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Wednesday's papers: Supo wants more powers, Finland's electric car ambitions, Alko opens online shop

Finnish newspapers on Wednesday report on the ways the Finnish Security Intelligence Service wants to expand its surveillance abilities, a ministerial group aims to get a quarter of a million more electric cars on roads within the next 15 years - but not everyone agrees, and Finnish state booze retailer Alko has opened an online shop.

Koskenkorva, Leijona ja Suomi viina pulloja Alkossa
Image: Kalevi Rytkölä / Yle

Helsingin Sanomat and Hufvudstadsbladet both reported on ways the Finnish Security Intelligence Service (Supo) wants to expand its surveillance rights and capabilities.

The agency said that it needs government to expand its surveillance capabilities in order to combat terrorism, increase the international exchange of security data and to fight domestic crime - among several other reasons, the papers report.

News broke on Tuesday about Supo's confirmation that a Finnish citizen had been implicated in a suicide bomb attack in Iraq in 2015, and that at least one individual from Finland had risen high in the ranks of the terrorist group Isis.

During Tuesday's press conference Supo's chief Antti Pelttari said that in terms of the proportion of Muslims in Finland, the country relatively has the largest amount of radicalised people who leave the country to join the Islamic State terror group abroad.

"More than have of those who have left Finland [to join Isis] have lived their entire lives in Finland and were radicalised here," Pelttari told reporters.

Pelttari says the agency needs to expand its abilities at home and abroad in order to keep up with the underground activities of international terrorism.

Other reasons the agency gave for broadening its surveillance rights include thwarting the use of weapons of mass destruction, improving national security and fighting organised crime.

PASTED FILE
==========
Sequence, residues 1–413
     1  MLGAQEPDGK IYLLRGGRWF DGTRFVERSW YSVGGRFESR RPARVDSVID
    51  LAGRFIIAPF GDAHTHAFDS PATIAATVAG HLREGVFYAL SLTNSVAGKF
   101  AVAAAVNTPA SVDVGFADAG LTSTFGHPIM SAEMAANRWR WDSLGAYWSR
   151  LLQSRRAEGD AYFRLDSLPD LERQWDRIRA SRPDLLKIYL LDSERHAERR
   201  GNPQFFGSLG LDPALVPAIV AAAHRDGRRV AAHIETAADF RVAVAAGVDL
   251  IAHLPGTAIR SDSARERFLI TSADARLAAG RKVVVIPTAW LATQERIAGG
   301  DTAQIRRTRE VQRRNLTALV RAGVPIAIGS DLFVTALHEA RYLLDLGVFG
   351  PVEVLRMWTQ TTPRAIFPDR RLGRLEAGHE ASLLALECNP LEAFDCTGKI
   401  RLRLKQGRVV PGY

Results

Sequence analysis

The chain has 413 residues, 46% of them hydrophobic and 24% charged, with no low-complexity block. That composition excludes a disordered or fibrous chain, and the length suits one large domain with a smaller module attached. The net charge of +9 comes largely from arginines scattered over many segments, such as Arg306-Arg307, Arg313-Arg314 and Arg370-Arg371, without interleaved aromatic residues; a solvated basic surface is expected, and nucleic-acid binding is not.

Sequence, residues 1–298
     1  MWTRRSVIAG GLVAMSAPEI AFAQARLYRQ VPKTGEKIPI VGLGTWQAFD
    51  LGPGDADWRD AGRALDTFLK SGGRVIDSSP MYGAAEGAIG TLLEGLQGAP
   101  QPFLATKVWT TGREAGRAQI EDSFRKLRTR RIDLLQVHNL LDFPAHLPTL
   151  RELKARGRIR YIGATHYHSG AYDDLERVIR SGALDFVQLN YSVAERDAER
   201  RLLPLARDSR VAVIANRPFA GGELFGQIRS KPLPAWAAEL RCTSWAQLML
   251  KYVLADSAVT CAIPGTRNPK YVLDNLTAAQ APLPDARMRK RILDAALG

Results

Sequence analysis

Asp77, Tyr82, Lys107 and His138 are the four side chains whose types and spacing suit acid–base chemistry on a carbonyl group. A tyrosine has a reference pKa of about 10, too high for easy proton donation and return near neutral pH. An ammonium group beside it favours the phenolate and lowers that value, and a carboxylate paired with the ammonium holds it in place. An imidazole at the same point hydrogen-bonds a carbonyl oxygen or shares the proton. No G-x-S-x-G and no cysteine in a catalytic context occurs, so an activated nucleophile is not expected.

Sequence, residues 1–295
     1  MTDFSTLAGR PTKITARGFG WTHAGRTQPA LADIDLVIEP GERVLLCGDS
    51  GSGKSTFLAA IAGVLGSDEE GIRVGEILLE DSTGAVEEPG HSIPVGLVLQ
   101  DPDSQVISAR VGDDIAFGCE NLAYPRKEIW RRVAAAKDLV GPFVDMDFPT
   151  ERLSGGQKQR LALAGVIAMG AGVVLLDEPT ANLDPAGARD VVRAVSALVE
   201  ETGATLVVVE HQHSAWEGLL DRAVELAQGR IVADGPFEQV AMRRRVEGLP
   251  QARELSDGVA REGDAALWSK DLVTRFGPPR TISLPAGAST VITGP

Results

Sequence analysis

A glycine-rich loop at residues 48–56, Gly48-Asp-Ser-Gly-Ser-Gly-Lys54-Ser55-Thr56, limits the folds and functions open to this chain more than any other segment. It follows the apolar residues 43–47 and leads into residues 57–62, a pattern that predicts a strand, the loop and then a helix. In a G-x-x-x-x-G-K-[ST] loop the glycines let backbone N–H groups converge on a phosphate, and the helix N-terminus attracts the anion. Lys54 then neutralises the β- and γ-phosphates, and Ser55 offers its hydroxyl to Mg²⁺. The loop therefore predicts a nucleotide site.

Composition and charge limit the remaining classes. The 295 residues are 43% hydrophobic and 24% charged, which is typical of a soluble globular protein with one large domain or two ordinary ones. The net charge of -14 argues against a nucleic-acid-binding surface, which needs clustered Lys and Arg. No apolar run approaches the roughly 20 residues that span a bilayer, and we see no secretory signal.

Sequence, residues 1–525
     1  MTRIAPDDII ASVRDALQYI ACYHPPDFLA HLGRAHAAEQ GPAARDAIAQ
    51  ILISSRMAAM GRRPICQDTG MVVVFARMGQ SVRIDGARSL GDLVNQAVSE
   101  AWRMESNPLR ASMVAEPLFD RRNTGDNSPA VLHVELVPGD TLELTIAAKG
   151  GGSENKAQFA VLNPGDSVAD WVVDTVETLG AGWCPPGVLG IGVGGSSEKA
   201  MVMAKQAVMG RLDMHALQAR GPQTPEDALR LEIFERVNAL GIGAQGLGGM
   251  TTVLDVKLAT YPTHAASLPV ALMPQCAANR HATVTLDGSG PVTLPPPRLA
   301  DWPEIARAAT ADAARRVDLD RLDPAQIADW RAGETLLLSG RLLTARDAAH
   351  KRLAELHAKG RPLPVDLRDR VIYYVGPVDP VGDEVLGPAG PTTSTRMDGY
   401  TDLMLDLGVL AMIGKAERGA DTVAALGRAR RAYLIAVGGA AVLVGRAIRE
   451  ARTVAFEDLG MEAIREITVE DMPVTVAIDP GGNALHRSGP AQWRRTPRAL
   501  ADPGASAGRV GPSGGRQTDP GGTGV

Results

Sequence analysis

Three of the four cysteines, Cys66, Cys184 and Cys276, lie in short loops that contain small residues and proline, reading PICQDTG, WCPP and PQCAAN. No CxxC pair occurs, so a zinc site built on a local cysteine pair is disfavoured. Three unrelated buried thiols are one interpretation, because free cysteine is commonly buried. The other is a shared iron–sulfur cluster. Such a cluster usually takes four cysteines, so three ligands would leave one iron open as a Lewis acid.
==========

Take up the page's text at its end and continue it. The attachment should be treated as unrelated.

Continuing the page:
While the agency said that it had no reason to update Finland's current terror threat assessment, it did say that the relatively high number of Finnish nationals joining Isis is concerning.

According to the agency more than 300 people currently under Supo surveillance because of suspected ties to jihadist extremism, the papers write.

Jump starting electric car sales

According to Helsingin Sanomat, some members of a ministerial working group are at odds about ways of increasing the number of electric vehicles on Finnish roads.

The Transport Ministry's suggestion to get hundreds of thousands of electric vehicles on the roads by the year 2030 with cash incentives for new car buyers garnered criticism from members of the Ministry of Finance and oil industry representatives.

Critics of the 4,000 euro-per-new-electric car incentive plan say that money would simply help the bottom lines of foreign automakers.

In any case, the EU has said that the roads of member states need to be nearly emissions-free by the year 2050, the paper reports

According to the paper the ministerial group aims to reach those requirements by reducing emissions in shipping and aviation by 40 percent of current levels.

As the number of electric cars increases to 250,000 over the next 15 years, the working group says that Finland also needs to boost the number of vehicle charging stations across the country to one charging point for every ten vehicles.

Helsinki Airport's looming deadline to use only renewable fuel is in just a few years - by the year 2020, according to the paper.

Alko online shop opens for business

The national alcohol retailer Alko opened its online store on Tuesday, several papers report.

According to Finnish news agency STT, consumers can now order ahead online and then go pick up their alcoholic beverages at their convenience.

The director of Alko's e-services, Paula Kujansivu, says that the service is designed to better serve their customers, not to sell more alcohol.

"Our aim is no to increase sales but to develop our customer service," Kujansivu told STT, saying that consumers can now ask Alko staff directly online via their chat service, by phone or by email during business hours.

While they do not offer home delivery, customers can order beverages which are not usually carried at their local Alko shop and have them delivered to a designated shop or other location.

The service could be useful for people in remote areas without nearby local Alko shops.

A cursory check of the site by Yle News showed that it costs some nine euros to have a bottle sent to an Alko outlet within two days, but if the buyer can wait four days the service is free. Sending the same bottle to a pickup point, a service which takes two days, also costs nine euros.

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